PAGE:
You have a deadline next week, an early work shift or a nasty hangover, so some peace and quiet would be appreciated. Your flatmate is likely using their phone to play music so there’s a good chance they’ll see your message. If they continue to ignore you, you might have to go for the direct approach and visit their room – if they don’t have the manners to reply, it might be your only hope.

The one who is judgemental

The issue: When you live with someone, you share a lot of your life with them. They see you when you’re usually switched off to the world and witness your highs and lows. From puking after a night out to ugly crying over a breakup, your flatmates often see it all. This can create an everlasting bond, but if you live with a judgemental person, it can create unnecessary tension and impact your ability to be your true self.

How most people deal with this: It can be hard to approach this situation because if someone is judgemental, they’re likely to judge your reaction, too. Most people continue living with this person without confronting the issue, which can really impact your mental well-being after a while.

If you’re getting a lot of looks like this, it might be time to say something. Source: Giphy

How you should deal with this: It’s helpful to try and understand why your flatmate is judgemental. Maybe they feel insecure, come from a conservative culture or are concerned about your behaviour. They may want to help you but are showing it in a problematic way. If you can understand the way your flatmate is acting, you can discuss with them how it makes you feel and find a solution that works for you both.

The clingy one

The issue: So you’ve finally found freedom in your student life, you’re living away from home and are ready to make new friends. But then there’s the fact that you’ve grown a new limb in the form of a flatmate…

Everything you say and everywhere you go seems to be accompanied by “me too!” or “I’ll come!” While it’s nice to have a buddy when you arrive in a new place, it can easily get too much if what you want is independence.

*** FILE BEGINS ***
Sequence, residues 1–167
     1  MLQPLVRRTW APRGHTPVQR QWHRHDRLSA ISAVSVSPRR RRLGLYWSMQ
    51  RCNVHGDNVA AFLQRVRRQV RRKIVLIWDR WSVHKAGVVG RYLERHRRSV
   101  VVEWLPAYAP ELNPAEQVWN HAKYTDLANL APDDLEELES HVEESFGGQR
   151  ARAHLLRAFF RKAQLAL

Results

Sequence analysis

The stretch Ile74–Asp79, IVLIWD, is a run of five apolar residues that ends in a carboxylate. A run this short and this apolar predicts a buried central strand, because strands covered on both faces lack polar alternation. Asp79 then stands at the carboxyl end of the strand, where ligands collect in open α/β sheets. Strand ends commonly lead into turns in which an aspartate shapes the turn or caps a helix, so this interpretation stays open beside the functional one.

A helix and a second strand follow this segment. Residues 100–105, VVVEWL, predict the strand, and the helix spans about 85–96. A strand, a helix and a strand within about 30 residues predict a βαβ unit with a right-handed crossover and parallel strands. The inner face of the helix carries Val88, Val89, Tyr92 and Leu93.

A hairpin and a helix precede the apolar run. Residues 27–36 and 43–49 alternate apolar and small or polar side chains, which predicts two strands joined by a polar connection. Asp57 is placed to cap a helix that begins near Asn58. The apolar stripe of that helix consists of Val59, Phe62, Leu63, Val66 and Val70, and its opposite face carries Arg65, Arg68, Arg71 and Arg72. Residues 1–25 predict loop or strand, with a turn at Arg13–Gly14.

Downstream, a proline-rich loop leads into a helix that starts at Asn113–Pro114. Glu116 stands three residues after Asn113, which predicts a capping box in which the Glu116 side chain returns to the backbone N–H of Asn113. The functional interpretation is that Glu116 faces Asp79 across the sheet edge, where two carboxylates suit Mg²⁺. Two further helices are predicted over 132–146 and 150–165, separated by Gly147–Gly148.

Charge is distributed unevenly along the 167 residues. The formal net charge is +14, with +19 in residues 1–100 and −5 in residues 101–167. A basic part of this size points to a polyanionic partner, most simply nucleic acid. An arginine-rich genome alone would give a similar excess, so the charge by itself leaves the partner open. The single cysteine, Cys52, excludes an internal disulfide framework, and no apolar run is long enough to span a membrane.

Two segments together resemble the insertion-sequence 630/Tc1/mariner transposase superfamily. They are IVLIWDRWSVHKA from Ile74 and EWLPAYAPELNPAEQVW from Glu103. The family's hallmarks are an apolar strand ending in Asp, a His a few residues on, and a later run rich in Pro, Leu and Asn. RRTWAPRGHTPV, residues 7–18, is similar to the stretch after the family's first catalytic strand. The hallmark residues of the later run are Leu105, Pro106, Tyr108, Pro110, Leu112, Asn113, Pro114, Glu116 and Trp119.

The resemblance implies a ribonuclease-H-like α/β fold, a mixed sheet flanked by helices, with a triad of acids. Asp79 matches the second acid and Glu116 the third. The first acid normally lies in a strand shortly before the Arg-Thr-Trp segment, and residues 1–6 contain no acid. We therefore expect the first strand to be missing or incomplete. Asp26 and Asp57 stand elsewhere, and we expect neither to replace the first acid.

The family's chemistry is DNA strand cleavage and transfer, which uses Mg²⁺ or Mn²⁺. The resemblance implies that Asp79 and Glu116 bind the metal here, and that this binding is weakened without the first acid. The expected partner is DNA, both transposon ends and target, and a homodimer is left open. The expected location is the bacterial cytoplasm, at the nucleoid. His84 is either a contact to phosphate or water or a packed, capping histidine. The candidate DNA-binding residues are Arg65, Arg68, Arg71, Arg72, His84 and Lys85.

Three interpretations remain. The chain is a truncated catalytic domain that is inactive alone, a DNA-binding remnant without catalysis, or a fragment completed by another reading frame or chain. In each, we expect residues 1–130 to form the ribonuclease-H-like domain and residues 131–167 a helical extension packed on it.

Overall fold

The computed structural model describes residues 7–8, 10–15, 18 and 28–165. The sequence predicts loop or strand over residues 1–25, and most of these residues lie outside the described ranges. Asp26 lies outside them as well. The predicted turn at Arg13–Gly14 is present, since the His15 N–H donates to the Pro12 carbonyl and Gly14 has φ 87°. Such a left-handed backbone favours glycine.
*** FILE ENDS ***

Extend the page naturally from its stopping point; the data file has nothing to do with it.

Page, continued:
If only your clingy flatmate was as cute as this koala. Source: Giphy

How most people deal with this: It can be tricky to confront this situation out of fear of hurting your new friend’s feelings. They’re probably clingy because of insecurities so telling them to back off could make this worse.

Most people just go along with the situation until they eventually crack in a sudden outburst or a drunken rant. This can potentially ruin the friendship forever and even have a ripple effect among the rest of your flatmates.

How you should deal with this: You need to do what’s best for you. Studying abroad represents a chance to truly be yourself and find friends who inspire you to improve. This can be hard when you have a sidekick who follows you everywhere.

Create some distance for yourself by leaving the flat without declaring it to the others and signing up for activities that interest you. You’re not obliged to go to that nightclub just because your flatmates are going!

The clique-y one

The issue: Opposite to the clingy one, the clique-y one purposefully leaves you out of the flat dynamic. This could be because of your different interests, culture or no reason whatsoever. It can be really hard living with someone like this as you feel like a stranger in your own home for no apparent reason.

How most people deal with this: It’s easy to blame yourself in this situation and assume you’ve done something wrong. This can lead you to isolate yourself further to avoid feelings of inadequacy. While hiding in your room is a short-term solution to ease anxiety, in the long run, it’ll likely make things worse when you eventually need to socialise with your flatmates.

Embrace that independence. Source: Giphy

How you should deal with this: The best way to deal with this situation is to find other friends who accept you for who you are. You’ve just arrived at a university full of other students also looking to make friends, so why bother with people who don’t show you respect?

From cultural societies where you can meet people with similar backgrounds to interest groups where you can make new friends, there are plenty of opportunities to meet people outside of your flat. Trying to make your flatmates be your friend will likely push them away further, so why bother when you can turn your attention elsewhere.

Starting university can be challenging and finding the right accommodation can be hard. If you’re unsure which accommodation to choose, take our quiz to find out which suits you best and check out our accommodation Help & Advice section for answers to all your queries.